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OLLI AT SSU • UNIVERSITY CAMPUS TUESDAYS, SEPTEMBER 19 – OCTOBER 24 Not by Bread Alone: How Beverage Changed History 9:30 – 11:30 a.m. | Cooperage Human need for liquid has sparked discovery of new processes of production. Throughout history, we have channeled grain and grapes into beer and wine, and then into spirits; we have steeped leaves in hot water, or roasted and ground seeds into tea and coffee, and even put air into water to make soda. Along the way, we built civilizations, sparked exploration, encouraged migration, and built multinational industries based on these liquid products. Come on this journey and see how beverage changed history. David Sandri, M.A. has been immersed in the wine industry for over 25 years. He has earned the title of Certified Specialist of Wine from the Society of Wine Educators and Advanced Certification with Wines & Spirit Education Trust. David has 10 years of experience in wine judging throughout the United States and is published internationally. He regularly lectures at Sonoma State University, and helped in the development of wine appreciation courses through College of Marin. The Dinosaur Revolution: Fossils Finds and Avian Genetics 1:00 – 3:00 p.m. | Cooperage It is common knowledge that dinosaurs went extinct 65 million years ago, but did they really? Evidence shows us that we see dinosaurs flying around us every day. Birds are dinosaurs. In this course, you will learn about modern dinosaur discoveries and how they change our understanding of these iconic creatures. Discover how dinosaurs of the past survived and prospered in a world without ice sheets. Gain an understanding of geologic time, fossil formation, and plate tectonics as a foundation for understanding when and where dinosaurs lived and how we come to find their rocky remains today. Acquire the skills to identify dinosaurs that lived long ago, and be able to detect assumptions made in the depiction of dinosaurs in our modern digital world. We will discuss the potential for recreating dinosaurs, and the consequences of such actions. Nicole Myers, M.S. in Geological Sciences, has a passion for geology that started with her childhood fascination with rocks and volcanoes. Following years of research, Nicole chose to focus on teaching to help others learn to appreciate planet Earth. She has been teaching geology, paleontology, meteorology, hydrology, climatology, oceanography, and astronomy classes for twelve years. Nicole currently teaches at Sonoma State University and College of Marin.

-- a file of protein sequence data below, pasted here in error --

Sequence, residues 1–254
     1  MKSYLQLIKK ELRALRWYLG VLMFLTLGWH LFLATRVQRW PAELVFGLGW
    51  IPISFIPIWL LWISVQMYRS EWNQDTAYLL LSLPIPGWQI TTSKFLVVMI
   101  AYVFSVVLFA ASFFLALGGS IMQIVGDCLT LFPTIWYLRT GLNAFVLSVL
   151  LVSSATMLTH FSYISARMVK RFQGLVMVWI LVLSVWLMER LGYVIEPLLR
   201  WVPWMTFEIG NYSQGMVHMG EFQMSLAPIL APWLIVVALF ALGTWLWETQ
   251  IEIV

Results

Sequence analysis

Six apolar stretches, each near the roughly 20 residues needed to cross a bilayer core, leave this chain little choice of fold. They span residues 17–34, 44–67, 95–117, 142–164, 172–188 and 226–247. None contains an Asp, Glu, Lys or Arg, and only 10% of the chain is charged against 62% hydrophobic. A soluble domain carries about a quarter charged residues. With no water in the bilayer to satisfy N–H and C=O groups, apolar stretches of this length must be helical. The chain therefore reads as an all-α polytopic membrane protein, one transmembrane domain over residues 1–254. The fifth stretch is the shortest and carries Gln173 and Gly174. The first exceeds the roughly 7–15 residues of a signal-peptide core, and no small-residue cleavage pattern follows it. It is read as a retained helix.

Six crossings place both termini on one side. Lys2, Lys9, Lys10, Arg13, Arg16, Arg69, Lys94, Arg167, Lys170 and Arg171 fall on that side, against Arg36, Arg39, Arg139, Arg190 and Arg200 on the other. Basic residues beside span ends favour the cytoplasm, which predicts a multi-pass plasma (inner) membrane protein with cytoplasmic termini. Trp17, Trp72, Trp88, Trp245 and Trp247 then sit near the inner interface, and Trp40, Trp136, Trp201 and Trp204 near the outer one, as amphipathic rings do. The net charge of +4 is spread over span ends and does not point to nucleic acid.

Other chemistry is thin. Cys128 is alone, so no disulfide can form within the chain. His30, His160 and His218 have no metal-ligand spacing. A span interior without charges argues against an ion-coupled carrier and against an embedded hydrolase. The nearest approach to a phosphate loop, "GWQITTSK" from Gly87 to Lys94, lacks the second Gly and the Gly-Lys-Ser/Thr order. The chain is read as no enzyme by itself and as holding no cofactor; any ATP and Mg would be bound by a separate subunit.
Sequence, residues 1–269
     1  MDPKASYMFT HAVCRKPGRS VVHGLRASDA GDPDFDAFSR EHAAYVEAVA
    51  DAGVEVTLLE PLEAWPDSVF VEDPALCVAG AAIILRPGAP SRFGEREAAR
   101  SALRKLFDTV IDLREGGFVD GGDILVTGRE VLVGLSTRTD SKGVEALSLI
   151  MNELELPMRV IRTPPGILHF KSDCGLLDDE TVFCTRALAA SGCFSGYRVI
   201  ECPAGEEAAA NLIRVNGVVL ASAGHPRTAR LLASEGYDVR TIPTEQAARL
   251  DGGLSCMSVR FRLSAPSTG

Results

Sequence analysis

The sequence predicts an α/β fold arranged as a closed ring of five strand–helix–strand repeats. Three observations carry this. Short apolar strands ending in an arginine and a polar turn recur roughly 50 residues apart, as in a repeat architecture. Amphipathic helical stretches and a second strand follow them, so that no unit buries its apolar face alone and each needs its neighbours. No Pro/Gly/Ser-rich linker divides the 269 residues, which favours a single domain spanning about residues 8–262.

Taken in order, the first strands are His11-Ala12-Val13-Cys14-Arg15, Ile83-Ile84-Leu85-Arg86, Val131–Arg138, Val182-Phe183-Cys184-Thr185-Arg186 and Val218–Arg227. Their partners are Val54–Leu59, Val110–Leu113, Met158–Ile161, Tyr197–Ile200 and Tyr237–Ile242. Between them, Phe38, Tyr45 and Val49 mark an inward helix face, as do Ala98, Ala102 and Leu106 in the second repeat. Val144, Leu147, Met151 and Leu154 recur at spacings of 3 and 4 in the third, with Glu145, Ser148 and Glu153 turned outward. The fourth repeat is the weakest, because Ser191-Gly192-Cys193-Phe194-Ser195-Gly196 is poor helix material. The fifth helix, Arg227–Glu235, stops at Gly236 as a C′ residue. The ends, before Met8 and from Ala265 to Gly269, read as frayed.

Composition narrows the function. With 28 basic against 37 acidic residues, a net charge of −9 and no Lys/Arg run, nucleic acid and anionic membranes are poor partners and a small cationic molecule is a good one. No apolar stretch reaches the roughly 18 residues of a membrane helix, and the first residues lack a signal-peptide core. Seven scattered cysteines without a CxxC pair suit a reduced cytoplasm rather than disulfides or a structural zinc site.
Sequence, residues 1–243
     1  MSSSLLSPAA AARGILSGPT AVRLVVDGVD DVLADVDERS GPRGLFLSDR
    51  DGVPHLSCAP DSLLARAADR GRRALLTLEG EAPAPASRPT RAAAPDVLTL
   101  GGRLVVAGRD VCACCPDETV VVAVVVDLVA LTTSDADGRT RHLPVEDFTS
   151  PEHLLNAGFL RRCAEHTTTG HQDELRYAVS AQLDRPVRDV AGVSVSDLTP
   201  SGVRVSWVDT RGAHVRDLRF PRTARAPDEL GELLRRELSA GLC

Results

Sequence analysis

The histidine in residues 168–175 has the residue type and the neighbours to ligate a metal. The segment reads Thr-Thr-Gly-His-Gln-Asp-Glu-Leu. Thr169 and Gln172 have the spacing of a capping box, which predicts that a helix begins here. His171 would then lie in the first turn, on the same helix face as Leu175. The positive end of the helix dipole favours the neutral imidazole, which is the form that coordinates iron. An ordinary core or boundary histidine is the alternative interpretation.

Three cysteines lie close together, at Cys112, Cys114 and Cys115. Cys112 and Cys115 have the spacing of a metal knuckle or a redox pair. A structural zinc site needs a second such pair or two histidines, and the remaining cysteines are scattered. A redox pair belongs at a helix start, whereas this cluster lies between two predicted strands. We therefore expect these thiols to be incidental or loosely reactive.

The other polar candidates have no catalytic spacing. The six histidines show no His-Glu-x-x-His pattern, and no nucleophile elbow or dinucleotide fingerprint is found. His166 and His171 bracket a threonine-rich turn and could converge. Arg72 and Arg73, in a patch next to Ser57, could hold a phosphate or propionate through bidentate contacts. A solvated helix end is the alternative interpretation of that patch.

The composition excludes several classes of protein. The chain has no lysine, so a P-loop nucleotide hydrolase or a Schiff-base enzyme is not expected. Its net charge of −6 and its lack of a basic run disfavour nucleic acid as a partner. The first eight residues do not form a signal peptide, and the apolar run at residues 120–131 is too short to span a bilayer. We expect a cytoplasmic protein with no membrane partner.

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OLLI AT SSU • UNIVERSITY CAMPUS WEDNESDAYS, SEPTEMBER 20 – OCTOBER 25 Bobbed Hair and Model T’s: Why the 1920s Roared 9:30 – 11:30 a.m. | Cooperage Dark clouds marked the beginning and end of the 1920s in America. Memories of war dead, influenza, the Great Red Scare and nativist intolerance marked the beginning. The Wall Street crash and Depression brought the “Era of Wonderful Nonsense — the Jazz Age” to a to a jarring end, but the years between roared so loudly we can hear their reverberations today. Larger than life characters were magnified in the expanding media: Rudolf Valentino, Henry Ford, Al Capone, the heroic Lindbergh, Charlie Chaplin, Red Grange and Babe Ruth, Dempsey and Tunney ... and so many more. It was a good time for millions who entered the growing middle class, bought homes and filled them with shiny appliances and drove to the movies in automobiles. Dorothy Parker and Will Rogers poked good fun at all of the above. Robert Kirk, Ph.D. has taught history for over four decades. Bob has studied at UC Davis and participated in a post-doctoral program at Yale. He is the author of five published non-fiction books. Bob is an inveterate traveler, having conducted 13 student programs in Europe, Turkey, and China, and has lectured aboard 72 cruises since 1986. Bob served eight years as president of the World Affairs Council of Sonoma County, and lives with his wife Barbara at Oakmont in Santa Rosa. Authoritarian Allure: Politics in the 21st Century West 1:00 – 3:00 p.m. | Cooperage The American political experiment is founded on the assumption that citizens are capable of both rational and informed reflection on their own self-interest. It was further assumed that public policy could be decided through a reasoned disputation of opposing viewpoints. This view of government is known as liberal democracy. In the mid-20th century, liberal democracy met a potent challenge. Technology was racing ahead — most important was the emergence of television in the early 1950s. In the 21st century, many get their understanding of the world exclusively from cable-TV and the Internet — media that are notoriously slack on fact-checking. Facts became a matter of choice, and the liberal democracy envisioned by the Founders is, in the view of many, challenged by Authoritarianism. The course will be a critical evaluation of Authoritarianism in a historical context.  Bill Garrett, Ph.D. earned his BA and MA degrees in philosophy from San Francisco State University, and his doctorate in religion and philosophy from the California Institute of Integral Studies. For decades, he has taught courses in religion, culture, philosophy, and philosophy of science at John F. Kennedy University, San Francisco State University, at UC Berkeley and various Osher Lifelong Learning Institutes.